The psychologists found from their experiments that the "lipstick effect" is not driven specifically by impoverished women lacking access to resources of their own - it applied powerfully to all women no matter what their own financial predicament was. In other words, women who were better off were still vulnerable to the "lipstick effect." This might suggest this extraordinary effect is operating below conscious awareness, and is genetically hard-wired into brains, because of evolutionary history.
This fits with the theory that evolution has wired into our genes and brains the reflexive tendency to prioritise mating during tougher times, as there may not be much time left to do this. Greater "goal immediacy" of mating combined with diminished access to "high-quality" (i.e., richer) mates, combines to prompt much fiercer mate attraction efforts in women, during recessionary times.
The psychologists speculated that if economic recessions increase the premium women place on a man's access to resources, men may become more competitive to garner these resources.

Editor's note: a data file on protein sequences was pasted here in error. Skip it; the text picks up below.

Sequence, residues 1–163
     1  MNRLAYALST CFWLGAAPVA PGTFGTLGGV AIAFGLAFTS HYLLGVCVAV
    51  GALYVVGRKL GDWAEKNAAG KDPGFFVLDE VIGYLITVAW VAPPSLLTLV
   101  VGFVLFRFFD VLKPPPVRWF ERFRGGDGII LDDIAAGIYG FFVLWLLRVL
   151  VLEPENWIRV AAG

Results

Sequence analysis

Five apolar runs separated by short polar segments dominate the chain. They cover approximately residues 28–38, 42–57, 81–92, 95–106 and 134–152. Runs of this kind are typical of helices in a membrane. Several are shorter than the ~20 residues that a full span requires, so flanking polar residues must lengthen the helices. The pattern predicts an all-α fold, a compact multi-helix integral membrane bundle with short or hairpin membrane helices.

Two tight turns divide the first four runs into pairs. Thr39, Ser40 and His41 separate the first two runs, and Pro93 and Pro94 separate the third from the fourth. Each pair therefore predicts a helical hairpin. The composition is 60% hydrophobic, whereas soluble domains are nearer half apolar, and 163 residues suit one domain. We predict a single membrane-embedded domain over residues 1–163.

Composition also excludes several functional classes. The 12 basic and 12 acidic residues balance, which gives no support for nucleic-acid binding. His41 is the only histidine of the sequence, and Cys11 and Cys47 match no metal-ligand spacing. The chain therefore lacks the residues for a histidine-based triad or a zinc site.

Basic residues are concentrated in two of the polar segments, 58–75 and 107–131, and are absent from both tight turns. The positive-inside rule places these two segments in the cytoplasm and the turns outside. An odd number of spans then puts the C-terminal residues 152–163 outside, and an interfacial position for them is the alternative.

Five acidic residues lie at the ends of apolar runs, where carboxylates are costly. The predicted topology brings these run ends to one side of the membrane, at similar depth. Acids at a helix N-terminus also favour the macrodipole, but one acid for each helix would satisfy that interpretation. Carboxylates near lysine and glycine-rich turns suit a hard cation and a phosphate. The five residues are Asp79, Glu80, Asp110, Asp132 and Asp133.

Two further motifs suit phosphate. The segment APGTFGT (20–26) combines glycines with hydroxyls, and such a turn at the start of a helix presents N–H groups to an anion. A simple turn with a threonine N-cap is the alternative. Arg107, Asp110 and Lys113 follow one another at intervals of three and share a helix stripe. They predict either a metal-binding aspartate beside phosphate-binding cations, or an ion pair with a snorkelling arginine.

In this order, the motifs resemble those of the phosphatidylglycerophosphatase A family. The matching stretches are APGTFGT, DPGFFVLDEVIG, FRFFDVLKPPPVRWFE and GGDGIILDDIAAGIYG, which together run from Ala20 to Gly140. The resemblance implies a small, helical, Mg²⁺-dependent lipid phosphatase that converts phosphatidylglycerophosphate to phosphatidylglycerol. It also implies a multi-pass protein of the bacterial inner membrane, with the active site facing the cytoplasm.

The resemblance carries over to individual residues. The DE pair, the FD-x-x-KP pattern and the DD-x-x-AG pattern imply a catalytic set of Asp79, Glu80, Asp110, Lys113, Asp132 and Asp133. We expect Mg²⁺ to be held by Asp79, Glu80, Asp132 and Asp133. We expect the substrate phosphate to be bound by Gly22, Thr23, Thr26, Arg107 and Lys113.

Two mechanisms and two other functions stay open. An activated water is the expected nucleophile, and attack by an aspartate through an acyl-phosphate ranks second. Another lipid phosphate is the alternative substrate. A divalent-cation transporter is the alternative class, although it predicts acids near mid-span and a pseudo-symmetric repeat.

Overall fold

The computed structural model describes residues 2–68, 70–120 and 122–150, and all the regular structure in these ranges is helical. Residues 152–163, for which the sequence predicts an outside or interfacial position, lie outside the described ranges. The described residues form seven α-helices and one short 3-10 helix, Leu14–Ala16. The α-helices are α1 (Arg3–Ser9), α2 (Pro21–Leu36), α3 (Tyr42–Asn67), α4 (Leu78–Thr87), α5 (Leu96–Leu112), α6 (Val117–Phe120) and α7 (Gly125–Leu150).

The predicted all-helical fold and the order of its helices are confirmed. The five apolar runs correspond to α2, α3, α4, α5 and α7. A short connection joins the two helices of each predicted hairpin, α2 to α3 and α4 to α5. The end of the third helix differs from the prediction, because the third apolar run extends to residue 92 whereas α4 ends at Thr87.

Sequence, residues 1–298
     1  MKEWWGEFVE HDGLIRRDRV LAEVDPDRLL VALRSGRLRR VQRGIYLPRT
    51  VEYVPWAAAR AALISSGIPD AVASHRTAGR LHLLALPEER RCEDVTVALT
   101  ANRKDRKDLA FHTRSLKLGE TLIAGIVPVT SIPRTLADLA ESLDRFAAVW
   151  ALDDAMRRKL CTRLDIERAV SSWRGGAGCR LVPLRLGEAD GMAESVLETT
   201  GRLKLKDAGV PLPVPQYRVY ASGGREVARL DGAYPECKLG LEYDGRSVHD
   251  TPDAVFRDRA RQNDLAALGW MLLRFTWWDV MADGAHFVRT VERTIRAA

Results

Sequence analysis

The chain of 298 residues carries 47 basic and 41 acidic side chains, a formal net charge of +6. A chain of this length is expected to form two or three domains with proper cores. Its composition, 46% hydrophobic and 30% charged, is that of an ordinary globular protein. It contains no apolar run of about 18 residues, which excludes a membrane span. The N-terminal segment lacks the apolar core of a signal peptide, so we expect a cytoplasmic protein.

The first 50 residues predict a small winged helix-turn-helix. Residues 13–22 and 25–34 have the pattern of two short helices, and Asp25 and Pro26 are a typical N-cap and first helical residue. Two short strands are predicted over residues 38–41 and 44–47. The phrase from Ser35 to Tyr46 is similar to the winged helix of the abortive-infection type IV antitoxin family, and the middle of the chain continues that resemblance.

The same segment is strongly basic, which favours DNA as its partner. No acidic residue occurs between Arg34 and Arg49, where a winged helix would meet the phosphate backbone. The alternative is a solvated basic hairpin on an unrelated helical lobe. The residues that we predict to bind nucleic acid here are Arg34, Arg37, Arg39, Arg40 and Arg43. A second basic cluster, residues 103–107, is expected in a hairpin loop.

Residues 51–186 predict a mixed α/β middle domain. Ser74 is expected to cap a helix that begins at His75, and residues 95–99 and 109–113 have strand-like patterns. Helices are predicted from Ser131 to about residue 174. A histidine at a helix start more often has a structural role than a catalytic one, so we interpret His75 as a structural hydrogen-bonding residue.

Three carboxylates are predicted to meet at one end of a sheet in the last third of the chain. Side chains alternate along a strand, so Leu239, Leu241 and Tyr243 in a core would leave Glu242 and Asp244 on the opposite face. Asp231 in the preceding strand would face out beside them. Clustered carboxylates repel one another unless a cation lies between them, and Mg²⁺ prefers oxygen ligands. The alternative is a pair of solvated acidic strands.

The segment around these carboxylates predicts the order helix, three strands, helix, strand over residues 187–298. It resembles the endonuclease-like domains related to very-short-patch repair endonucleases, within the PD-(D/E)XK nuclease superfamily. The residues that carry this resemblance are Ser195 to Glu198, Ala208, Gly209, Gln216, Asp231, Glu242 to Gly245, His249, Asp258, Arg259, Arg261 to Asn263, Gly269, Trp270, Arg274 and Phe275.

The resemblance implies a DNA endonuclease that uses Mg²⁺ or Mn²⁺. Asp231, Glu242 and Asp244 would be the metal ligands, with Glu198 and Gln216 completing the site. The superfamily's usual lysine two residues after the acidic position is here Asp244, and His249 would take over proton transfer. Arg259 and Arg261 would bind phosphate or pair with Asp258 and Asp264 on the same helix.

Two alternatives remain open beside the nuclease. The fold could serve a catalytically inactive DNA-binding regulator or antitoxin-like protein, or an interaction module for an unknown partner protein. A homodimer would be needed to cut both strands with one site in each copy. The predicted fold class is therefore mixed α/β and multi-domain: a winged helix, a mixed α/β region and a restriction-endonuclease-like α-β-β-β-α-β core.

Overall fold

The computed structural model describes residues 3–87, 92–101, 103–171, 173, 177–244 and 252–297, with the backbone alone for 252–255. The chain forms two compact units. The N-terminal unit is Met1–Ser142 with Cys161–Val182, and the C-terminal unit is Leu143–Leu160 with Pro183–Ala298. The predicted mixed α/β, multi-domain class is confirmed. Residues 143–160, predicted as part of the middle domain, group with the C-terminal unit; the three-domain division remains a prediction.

For instance, a harsh economic climate might lead better-off men, particularly those seeking romantic partners, to flaunt their wealth more conspicuously to attract mates at this time. Another possibility is recessionary conditions may lead men who are unable to maintain steady employment, to be more likely to resort to lying, cheating, or stealing as a means of resource acquisition.
The authors also speculate that recessions could mean women's willingness to take attractiveness-enhancement risks (e.g., extreme dieting, tanning, or cosmetic surgery) also goes up unhelpfully. It might even promote greater hostility towards other women.